church is the Starship Enterprise, the pastor is certainly
Captain Picard. But the minister of music is the helmsman
steering the ship. A wise pastor knows and trusts and invests
himself in having a good relationship with his minister of
music. The neophyte or egotistical pastor routinely knocks the
helmsman out of his chair and sits down at the helm, steering
the ship himself. Picard looks ridiculous seated at the helm, a
subordinate position held usually by a young officer. Picard can
actually steer the ship from the console on his command chair.
When the captain/pastor abandons his position and seats himself
in that chair he is now blinded to the bigger picture. The enemy
has lured the pastor out of the pastor’s zone and distracted him
with the business of putting on the Sunday show. Usually, when a
pastor starts micromanaging Sunday mornings, running the pulpit,
directing the music, just out of his seat every time you look up
there--always center stage--he is allowing Satan to use him.
These guys are terrible pastors. They are run by their egos and
their investment is in the show. The wise pastor, the anointed
pastor, remains in the captain’s chair, taking in the big
picture, seeing the entirety of the battlefield rather than
idiotically climbing into a tank and firing off rounds himself.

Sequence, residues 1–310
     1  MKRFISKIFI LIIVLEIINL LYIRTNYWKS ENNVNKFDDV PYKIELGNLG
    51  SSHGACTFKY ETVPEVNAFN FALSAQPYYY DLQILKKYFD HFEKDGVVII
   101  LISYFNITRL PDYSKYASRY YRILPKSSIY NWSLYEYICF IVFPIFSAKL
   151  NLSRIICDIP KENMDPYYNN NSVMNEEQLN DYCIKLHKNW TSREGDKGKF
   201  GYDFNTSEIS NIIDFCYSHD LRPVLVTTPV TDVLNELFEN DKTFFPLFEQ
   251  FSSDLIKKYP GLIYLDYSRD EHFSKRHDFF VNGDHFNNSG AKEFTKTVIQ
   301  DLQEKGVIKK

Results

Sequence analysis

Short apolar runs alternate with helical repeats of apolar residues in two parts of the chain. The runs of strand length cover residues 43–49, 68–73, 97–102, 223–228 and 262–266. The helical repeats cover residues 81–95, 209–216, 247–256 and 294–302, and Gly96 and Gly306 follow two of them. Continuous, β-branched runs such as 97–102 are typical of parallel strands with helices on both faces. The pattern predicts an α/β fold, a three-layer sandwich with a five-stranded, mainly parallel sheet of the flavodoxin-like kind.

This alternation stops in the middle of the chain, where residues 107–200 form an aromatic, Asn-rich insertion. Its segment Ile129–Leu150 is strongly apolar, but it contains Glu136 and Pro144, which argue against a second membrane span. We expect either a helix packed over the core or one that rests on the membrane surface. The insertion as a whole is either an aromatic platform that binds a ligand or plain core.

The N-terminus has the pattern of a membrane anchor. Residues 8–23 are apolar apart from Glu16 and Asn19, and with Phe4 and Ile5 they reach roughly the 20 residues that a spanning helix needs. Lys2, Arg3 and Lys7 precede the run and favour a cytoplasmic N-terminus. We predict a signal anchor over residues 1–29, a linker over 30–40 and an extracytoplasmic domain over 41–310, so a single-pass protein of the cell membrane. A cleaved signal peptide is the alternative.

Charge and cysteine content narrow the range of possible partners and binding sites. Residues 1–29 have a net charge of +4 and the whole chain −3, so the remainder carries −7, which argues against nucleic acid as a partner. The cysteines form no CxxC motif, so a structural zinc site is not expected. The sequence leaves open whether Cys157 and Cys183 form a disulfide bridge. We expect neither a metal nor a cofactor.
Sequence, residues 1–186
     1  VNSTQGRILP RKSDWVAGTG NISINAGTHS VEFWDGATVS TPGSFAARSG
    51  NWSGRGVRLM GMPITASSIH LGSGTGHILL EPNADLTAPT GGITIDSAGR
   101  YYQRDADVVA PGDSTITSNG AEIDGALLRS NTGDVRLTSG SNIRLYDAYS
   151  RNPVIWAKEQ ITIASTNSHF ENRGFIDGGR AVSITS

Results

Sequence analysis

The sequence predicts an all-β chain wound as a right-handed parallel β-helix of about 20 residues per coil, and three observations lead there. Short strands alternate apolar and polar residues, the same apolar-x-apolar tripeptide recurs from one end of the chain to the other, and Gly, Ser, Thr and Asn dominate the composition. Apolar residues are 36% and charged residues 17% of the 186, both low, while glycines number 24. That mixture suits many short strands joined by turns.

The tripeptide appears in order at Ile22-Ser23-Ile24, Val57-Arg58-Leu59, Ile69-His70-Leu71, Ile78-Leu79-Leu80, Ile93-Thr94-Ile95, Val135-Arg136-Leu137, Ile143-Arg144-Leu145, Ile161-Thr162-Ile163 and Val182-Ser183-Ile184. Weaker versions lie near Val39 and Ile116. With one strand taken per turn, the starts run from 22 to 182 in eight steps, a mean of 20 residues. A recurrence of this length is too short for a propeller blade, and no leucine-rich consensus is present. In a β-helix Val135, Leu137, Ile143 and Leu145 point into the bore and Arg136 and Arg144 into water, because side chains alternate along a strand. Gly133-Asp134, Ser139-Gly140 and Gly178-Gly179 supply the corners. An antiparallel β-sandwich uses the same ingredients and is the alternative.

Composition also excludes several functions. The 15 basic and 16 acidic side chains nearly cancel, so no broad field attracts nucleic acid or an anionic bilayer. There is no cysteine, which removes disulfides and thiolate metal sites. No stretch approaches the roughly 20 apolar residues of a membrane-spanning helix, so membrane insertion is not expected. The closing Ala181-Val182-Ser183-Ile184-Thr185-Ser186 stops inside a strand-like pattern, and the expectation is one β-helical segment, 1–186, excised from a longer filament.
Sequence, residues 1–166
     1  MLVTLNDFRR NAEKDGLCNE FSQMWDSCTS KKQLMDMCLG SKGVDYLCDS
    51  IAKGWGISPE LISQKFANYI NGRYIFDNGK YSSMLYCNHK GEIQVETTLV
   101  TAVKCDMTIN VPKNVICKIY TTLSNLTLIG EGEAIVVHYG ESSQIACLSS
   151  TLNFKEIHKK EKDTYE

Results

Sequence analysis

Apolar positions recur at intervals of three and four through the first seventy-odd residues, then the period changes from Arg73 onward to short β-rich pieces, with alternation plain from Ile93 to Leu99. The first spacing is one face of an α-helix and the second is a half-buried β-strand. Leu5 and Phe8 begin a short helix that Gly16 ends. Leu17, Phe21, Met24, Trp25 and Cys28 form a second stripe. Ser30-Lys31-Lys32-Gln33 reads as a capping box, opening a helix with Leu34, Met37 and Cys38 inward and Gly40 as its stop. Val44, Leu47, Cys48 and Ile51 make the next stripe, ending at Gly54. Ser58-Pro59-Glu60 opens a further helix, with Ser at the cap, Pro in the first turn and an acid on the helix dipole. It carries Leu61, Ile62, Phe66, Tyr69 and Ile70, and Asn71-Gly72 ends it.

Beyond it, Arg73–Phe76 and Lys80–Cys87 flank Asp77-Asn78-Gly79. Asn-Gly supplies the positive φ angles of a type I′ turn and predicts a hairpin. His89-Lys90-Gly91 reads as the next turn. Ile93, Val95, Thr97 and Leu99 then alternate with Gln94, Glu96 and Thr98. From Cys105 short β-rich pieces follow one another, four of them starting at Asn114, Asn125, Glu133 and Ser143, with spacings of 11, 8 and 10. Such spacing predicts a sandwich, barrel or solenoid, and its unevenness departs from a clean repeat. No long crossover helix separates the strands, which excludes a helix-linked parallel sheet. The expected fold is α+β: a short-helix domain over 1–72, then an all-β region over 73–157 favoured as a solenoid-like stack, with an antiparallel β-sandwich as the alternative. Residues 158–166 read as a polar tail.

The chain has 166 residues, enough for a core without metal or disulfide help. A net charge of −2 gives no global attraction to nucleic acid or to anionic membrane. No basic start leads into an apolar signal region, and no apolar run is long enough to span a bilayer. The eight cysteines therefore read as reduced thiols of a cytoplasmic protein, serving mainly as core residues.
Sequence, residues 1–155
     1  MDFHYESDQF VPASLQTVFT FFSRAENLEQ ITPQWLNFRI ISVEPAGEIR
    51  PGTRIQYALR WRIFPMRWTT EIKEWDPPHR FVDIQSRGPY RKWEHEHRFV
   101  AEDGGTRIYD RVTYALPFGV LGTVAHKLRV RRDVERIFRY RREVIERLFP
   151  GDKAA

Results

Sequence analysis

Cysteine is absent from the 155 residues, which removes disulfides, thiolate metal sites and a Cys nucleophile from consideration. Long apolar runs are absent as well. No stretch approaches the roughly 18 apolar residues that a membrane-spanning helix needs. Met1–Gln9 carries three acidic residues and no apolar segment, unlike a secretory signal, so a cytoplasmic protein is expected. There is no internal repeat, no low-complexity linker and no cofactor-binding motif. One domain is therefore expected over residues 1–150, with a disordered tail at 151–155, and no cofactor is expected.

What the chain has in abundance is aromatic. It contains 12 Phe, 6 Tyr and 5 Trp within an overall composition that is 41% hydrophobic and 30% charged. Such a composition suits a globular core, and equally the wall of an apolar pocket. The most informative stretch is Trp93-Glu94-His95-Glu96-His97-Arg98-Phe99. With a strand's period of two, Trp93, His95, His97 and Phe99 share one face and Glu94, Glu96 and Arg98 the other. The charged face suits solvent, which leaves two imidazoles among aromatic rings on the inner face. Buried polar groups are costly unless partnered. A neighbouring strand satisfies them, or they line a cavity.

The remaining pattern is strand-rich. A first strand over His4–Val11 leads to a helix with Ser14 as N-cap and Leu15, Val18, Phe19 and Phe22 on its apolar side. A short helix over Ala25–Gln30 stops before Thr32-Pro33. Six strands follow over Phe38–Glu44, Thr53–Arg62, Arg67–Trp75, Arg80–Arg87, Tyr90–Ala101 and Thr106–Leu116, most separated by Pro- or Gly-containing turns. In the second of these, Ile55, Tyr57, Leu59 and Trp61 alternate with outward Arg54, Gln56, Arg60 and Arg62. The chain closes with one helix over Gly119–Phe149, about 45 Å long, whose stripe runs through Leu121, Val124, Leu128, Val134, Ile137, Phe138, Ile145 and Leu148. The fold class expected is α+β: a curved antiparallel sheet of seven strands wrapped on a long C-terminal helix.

The anointed pastor is submitted to the Holy Spirit. Sunday mornings, the Spirit should be moving through your minister of music, which means, in essence, the anointed pastor is submitted to the anointed minister of music. The anointed pastor will remain in his place, in the captain’s chair, in command, until the minister of music releases the pulpit to him. He will trust that minister and invest in that minister and protect that minister. Anything else reveals not an anointed or effective pastor but a dilettante indulging his ego. The people who enthusiastically follow these clowns who are up and pacing back and forth and all over the place from yea to amen, are usually the least spiritual and most poorly biblically educated church members. They are, in the vast majority, not people plugged into the Holy Spirit but plugged into the pastor, into his antics, his show. They are not worshipping God, they are applauding him, and he’s getting off on it. He is a captain who does not understand that, as with the pastorate or the U.S. presidency, the office is often as much about not doing something as it is about doing something. What makes effective, stirring, and awesome bass playing is not the notes the bass player hits but the pauses he chooses to place between them. The silences, the notes he doesn’t play, are equally as important as the notes he does play. It is these silences, these pauses, that creates rhythm. The wise pastor doles out his Sunday morning presence with wisdom, in doses. He does not clobber the congregants with The Pastor Johnson Show. He pastors. He serves, he supports, he coordinates. Sunday is not about him.